We normally think of ‘white’ light as being comprised of all wavelengths in the visible spectrum, or at least of being comprised of red, green, and blue. However, white LEDs emit light only in the yellow and blue, and still appear to be white. How does this work?
Start with the standard CIE chromaticity plot. This plots monochromatic wavelengths around the edge, and the apparent color gamut inside. Imagine you have two monochromatic sources, and you draw a line between them on this plot. By adjusting the relative brightness of the two sources, you can produce any color along the line. If you can choose the wavelengths of the two sources such that the line passes through the white point, you can make a white source with just two wavelengths.
Fortunately, LED phosphors can be made to produce two peaks in the yellow and blue spectra that lie on either side of the white point. This makes it possible to produce white LEDs at a low price point.
In our optical system design software, ZEMAX, we can demonstrate this easily. For clarity, we use two separate LED models, one emitted in the yellow and the other in the blue. In real life, of course, both phosphors are in the same device. The bottom pair of LEDs show the yellow and blue light produced by the two phosphors, and the top two are tilted such that the light beams overlap, producing white.
Now this has a happy consequence for the designer of white LED-based optical systems. In this example, we look at the shadow cast by a wine glass illuminated by an array of white LEDs. The shadow looks like a typical grey shadow, but on closer inspection you can see that the shadow consists of clearly defined blue and yellow regions.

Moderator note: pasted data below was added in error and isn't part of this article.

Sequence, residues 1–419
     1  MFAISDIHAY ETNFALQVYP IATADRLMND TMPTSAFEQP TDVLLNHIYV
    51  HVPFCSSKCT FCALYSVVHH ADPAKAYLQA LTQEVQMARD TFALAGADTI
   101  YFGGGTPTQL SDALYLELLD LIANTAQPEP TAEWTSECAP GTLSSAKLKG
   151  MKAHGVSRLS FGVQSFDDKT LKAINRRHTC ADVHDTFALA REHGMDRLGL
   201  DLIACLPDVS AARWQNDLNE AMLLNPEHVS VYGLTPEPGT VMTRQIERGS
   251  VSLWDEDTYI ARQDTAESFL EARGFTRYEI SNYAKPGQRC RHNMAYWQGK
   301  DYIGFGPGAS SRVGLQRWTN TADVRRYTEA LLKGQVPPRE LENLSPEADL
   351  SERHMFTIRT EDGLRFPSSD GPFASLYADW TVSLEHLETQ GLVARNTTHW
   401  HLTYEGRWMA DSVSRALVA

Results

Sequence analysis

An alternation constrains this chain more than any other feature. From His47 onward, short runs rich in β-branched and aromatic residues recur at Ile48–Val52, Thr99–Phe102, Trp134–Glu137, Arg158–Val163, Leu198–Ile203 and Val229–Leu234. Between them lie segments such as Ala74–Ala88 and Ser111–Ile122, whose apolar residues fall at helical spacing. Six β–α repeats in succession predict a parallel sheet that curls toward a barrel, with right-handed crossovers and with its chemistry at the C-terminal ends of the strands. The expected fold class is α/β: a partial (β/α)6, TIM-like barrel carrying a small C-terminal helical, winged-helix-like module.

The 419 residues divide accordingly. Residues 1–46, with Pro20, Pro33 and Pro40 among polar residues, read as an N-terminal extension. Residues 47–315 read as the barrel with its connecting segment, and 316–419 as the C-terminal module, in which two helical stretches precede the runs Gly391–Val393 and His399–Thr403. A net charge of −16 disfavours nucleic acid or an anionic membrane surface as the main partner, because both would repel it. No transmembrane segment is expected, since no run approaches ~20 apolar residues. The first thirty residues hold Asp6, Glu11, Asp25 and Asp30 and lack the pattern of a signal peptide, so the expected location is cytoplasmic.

In normal imaging applications, like designing a mobile photo camera lens, we have to account for the entire visible spectrum when we want to produce achromatic (well-color-balanced) optical systems — but the LED designer just needs to account for two wavelengths. This makes it considerably easier to design well-color-corrected lenses when white LEDs are used as the source.
The ZEMAX program is used extensively for designing both entire-visible and LED imaging systems. As well as predicting the optical performance of a system, ZEMAX can optimize it, which means it will work with you to improve performance, without the cost and time associated with making multiple prototypes. Optimization can account for the things you want to achieve, like color uniformity and image sharpness, and also for constraints you have to work within, like weight and size. Once the design is complete, it can easily be exported to mechanical design packages for tooling construction.